Even in the Southern Ocean summer winds above a force seven can be expected for over 30 percent of the time, although often Cape Horn can be benign and in the past many crews have reported making rounding as almost an anticlimax. However, one of my overriding memories when sailing past Cape Horn in the 1990 race was of hurricane force winds arriving unannounced and destroying the mainsail before it could be dropped. What followed was a very wet and exciting ride in huge breaking waves dragged along by a small blast reacher (a heavy reaching sail).
The race is timed to pass Cape Horn at the end of the summer, giving the best chance for reasonable conditions. Once around however there are still 1,000 miles to sail before the boats reach warmer waters.
Immediately after Cape Horn there are 100 miles to the Straits de la Maire, a narrow passage between Tierra del Fuego and Isla de los Estados. The tide can rip through here at 8 knots making for tricky navigation. As the wind hits the mountains they can create a huge wind shadow and even curl the wind back on itself, giving easterly winds where westerlies are expected.
The following 1,000 miles are sailed predominantly under the influence of the low-pressure systems girdling the globe to the south - usually, but not always. Four years ago as the majority of the fleet lay becalmed to the west of the Falkland Islands, Brunel Sunergy headed east and kept the wind, sailing from sixth to second place in the process.
The Southern Ocean current sends a plume of cold water to the north almost as far as the River Plate, where it meets the warm waters of the southerly flowing Brazil Current. At the confluence the currents turn to the east to mingle in the waters of the South Atlantic. The currents usually follow the 200 metre depth contour and can be monitored from space. These pictures can be accessed from the yachts as they are freely available on the internet.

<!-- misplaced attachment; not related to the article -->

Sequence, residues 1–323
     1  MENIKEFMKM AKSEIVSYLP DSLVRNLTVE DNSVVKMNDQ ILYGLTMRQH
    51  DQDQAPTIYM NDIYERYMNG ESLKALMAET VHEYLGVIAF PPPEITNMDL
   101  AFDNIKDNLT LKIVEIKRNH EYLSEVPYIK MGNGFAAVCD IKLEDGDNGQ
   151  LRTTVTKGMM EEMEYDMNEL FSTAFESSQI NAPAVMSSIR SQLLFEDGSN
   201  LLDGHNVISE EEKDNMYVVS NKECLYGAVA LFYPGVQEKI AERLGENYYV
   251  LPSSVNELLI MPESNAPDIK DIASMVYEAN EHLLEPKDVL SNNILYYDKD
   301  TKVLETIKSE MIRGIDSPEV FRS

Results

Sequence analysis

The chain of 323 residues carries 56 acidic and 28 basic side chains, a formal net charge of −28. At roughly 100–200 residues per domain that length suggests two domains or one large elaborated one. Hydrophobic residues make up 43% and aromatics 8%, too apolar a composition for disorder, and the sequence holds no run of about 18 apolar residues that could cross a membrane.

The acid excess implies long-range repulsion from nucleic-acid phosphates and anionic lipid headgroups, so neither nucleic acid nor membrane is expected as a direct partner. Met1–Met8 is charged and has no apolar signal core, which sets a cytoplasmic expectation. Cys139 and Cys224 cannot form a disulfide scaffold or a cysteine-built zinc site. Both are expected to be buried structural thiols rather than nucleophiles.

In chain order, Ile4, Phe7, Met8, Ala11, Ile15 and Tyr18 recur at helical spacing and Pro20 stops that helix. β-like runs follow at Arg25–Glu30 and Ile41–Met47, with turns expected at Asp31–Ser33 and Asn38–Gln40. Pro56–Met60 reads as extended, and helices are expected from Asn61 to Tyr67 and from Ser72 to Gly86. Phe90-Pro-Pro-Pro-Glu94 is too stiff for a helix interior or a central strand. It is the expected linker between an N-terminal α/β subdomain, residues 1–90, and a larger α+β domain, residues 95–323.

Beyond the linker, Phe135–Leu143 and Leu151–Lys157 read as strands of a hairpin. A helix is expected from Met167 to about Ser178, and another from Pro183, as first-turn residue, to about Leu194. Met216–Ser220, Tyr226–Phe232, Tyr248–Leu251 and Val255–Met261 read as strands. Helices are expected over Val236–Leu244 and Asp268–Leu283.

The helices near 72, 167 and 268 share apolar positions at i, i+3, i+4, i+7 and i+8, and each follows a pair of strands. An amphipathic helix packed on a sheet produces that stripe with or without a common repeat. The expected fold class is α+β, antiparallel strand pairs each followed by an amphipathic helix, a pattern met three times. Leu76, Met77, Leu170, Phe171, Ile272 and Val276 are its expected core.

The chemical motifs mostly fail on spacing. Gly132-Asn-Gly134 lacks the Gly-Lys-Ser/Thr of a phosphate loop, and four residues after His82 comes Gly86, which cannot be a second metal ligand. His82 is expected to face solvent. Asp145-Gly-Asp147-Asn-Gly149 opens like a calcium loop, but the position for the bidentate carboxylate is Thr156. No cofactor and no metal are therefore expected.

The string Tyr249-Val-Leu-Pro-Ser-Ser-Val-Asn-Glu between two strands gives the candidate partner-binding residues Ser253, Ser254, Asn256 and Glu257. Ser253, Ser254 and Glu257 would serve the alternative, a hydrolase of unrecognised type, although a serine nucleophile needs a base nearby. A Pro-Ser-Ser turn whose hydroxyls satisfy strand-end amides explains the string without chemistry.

If the wind allows, the navigators will follow the axis of the northbound current to gain the extra miles it gives them. The wind should be predominantly from the west although it could blow from any direction. To be watched for is the Pampero, a violent wind similar to the Southerly Buster of Australia, that follows a cold front off the land. Dividing the warm air from the cold, it can be accompanied by rain, hail, and thunder with the wind quickly reaching 60 knots (force 11).
As the weather becomes warmer and the push of the Falklands current decreases, the wind becomes more variable in the Horse Latitudes, where the trade winds and westerlies converge. With the South Atlantic high sitting to the east the trade winds will start to blow and the warm south flowing current will arrive at about the same time. Trade winds give fantastic sailing when they blow from behind but when beating into them they become tiring with the potential to break the boats. It was beating hard in these waters eight years ago that Chris Dickson's Tokio, at the time race leader in the Whitbread 60 class, broke her mast.
Tactically the options are to head inshore out of the current and hopefully pick up favourable wind swings as the day breeze establishes itself. This can be risky, as there is the potential to become becalmed during the night too close to land. Alternatively heading out into the Atlantic can also have its rewards with strong steady winds but from the wrong direction. Less current offshore will also help but should the high pressure move west, the most easterly boats could suffer.